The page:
As the lens has only one purpose and no internal focusing it can be optimised for just one situation, say sharp until infinity at f/8. Optimisation is done by way of a lot of aspheric surfaces or whatever needed to gave a distortion free system. As the camera too has only one purpose, working on a tripod with objects in rest, it could be a good choice to have very many pixels and a bit more noise at ISO 200.

Just for fun I show an f=7mm picture of the Domkerk in my home town Utrecht http://en.wikipedia.org/wiki/St._Martin%27s_Cathedral,_Utrecht . The picture is taken just some feet away from the place where Pieter Saenredam made a sketch on september 15 of the year 1636. The exact place is inattainable as the west part of the church has been destroyed by a thunderstrom in 1674. Saenredam is using very wide angle views, sometimes over 120 degrees! See some of his work at http://commons.wikimedia.org/wiki/Pieter_Jansz._Saenredam I show the picture after perspective control in photoshop. It is scaled down to 1000 pixels.

2 THE MACROBEAST

Another field I am active in is quite extreme macro work. A wasp of 0.8 mm long, what to think about that? I use an apo macro 150 mm of Sigma and often even an Olympus 2x extender. Together details of about 1/400th of a millimeter can be made visible with my old E-3. In this realm Canon is the winner with its 65 mm that can shoot only at 1x up to 5x. How small would be the finest details possible? Where more resolution isn't possible anymore for physical reasons? One micron or half of it? I have no idea, but the Macrobeast exactly gives that. The lens is optimized for only its highest magnification, with aspherical surfaces etcetera and the very best diaphragm. It most likely has many elements of slight curvature, being diffraction limited as a result. It has no iris diaphragm but a turret with circular holes with such details that influence of diffraction is as low as technically possible. Without diaphragm the lens has a speed of f/1.0 or even better, this diaphragm being completely useless photographically, except for focusing on the optical axis.

Again the camera itself is a simple box with some elementary knobs, dials and buttons. Plus a tiltable viewer – through the lens with such high magnification one too easily looses sight of those tiny creatures that have no idea of photography. And a twin macro flash is built in.

Apart from details depth of field is the main problem in macro photography. A nice way to overcome this is to stack several or many pictures. On a tripod with a focusing rail this gives rather good results, but only with an object in rest. Here a moth of 5.6 mm long, stacked with Zerene stacker out of too few originals: http://waarneming.nl/waarneming/view/72127577 (my own version is nearly three times wider). The rail can best be built into the camera, here a sketch.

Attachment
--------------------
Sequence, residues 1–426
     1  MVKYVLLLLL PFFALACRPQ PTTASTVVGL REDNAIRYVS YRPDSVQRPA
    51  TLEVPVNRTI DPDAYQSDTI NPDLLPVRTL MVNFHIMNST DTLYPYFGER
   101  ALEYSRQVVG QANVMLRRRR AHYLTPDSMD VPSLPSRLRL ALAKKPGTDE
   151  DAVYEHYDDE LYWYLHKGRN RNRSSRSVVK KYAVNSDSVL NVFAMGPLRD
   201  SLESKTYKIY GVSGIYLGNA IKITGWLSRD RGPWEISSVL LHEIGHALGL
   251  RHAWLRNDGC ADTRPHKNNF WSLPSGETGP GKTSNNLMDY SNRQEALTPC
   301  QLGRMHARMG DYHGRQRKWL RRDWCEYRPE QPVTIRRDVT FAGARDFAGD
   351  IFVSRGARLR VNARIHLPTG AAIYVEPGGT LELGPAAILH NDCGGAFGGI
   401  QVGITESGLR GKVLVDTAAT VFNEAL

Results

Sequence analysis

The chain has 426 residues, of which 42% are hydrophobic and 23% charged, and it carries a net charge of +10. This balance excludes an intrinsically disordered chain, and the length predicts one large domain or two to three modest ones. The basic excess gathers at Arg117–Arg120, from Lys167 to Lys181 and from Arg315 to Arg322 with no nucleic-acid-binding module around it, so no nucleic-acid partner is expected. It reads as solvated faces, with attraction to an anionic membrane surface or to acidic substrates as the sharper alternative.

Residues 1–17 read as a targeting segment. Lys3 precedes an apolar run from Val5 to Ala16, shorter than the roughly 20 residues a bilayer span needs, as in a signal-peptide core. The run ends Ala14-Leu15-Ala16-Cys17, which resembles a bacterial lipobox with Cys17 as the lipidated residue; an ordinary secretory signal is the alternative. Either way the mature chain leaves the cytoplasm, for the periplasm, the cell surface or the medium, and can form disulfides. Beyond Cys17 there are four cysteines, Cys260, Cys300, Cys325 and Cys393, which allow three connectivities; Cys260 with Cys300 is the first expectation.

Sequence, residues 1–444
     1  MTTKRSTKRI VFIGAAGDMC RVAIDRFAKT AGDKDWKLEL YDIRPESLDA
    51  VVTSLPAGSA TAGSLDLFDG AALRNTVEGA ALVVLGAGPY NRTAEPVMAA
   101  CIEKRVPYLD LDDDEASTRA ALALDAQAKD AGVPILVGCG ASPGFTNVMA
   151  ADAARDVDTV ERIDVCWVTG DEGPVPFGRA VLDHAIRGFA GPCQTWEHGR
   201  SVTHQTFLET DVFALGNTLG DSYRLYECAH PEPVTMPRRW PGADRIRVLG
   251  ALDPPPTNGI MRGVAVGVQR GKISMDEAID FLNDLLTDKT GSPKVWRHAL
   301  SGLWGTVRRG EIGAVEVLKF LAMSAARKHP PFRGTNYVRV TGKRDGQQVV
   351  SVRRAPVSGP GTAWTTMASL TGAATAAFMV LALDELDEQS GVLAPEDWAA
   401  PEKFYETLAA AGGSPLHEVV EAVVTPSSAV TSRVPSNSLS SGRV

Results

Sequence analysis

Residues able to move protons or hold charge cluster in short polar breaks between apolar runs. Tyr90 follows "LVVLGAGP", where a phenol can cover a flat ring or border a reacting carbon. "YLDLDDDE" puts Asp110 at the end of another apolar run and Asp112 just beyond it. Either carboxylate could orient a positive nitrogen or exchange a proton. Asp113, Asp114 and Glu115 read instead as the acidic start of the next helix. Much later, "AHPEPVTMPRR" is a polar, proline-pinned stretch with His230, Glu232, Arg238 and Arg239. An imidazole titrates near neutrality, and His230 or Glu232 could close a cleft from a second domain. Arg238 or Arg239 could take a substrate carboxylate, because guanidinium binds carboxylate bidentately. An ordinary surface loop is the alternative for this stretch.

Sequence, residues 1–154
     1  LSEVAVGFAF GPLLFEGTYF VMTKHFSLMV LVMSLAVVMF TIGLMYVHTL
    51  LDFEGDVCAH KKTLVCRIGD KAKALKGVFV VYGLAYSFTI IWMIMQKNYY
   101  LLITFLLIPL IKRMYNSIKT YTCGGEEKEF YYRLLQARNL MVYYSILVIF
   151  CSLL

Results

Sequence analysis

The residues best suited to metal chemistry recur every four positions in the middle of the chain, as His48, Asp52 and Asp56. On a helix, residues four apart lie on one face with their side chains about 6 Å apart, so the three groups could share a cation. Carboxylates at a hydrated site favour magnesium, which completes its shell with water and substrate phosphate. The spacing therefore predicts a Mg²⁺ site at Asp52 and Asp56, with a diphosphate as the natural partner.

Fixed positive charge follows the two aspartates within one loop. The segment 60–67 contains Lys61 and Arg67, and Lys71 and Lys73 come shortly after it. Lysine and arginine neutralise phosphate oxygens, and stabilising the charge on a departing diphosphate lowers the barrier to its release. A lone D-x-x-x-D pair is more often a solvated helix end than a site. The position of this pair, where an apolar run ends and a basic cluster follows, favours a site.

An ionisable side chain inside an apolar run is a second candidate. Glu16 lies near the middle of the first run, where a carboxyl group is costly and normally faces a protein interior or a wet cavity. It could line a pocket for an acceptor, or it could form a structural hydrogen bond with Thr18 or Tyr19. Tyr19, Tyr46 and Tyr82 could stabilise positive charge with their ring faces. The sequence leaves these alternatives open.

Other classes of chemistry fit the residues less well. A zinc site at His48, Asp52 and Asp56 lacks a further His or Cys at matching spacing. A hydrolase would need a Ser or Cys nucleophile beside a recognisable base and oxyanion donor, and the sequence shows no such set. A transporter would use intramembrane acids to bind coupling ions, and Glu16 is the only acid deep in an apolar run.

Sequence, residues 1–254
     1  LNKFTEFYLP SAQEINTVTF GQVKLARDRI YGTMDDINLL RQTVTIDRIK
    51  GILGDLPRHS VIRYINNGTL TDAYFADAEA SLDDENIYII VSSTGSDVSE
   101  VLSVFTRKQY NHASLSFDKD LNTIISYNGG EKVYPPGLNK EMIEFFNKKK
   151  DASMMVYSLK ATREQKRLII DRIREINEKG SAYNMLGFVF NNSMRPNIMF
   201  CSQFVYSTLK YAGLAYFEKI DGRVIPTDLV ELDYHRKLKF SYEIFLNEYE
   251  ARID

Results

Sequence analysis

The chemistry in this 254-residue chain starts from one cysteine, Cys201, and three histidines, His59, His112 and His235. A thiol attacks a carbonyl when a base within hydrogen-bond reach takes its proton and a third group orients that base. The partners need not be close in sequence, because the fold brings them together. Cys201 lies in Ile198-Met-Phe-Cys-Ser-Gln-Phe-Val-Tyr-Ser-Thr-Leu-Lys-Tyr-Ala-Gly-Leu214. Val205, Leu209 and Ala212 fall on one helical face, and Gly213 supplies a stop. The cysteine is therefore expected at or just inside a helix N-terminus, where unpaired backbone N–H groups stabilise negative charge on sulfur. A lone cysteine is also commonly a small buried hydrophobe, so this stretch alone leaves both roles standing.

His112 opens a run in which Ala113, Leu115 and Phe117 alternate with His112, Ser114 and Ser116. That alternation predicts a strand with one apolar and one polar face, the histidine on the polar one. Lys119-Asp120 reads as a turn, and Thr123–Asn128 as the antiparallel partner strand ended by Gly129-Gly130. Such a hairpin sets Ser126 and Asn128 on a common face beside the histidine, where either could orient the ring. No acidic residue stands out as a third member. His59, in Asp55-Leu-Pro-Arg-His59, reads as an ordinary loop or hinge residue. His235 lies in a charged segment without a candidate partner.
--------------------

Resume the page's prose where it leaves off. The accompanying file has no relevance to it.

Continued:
A again is a quick release plate. S is a horizontal sledge for moving the lens plus camera back and forth. B is another sledge for moving only the camera for using other magnification rates (drawn much too short; think more of the old fashioned bellows). This is enough to make perfect series of pictures on a tripod for stacking.

But often insects and so on are not at rest at all. In reality I take many pictures without use of a tripod and often stack two or three of them by hand. This one exists of three handheld pictures with only sunlight: http://commons.wikimedia.org/wiki/File:SympetrumVulgatumFemale.jpg A stacker programm can't do that. Nothing special up to now has been said about the camera part of the Macrobeast, but here it comes: the whole sensor can move a few millimeters back and forth. So I set lens and camera on a certain maginfication rate (where maximal is the most interesting), move the handheld camera until the object is in view, press the button and very rapidly a set of flashed pictures is made while the sensor moves say 2 millimeters. For tiny insects 2 mm depth of field is huge! 

These two simple boxes with their not so simple lenses and not so simple sensors and not so simple mechanical additions are very much out of the box compared to todays general purpose camera's. 

Weia Reinboud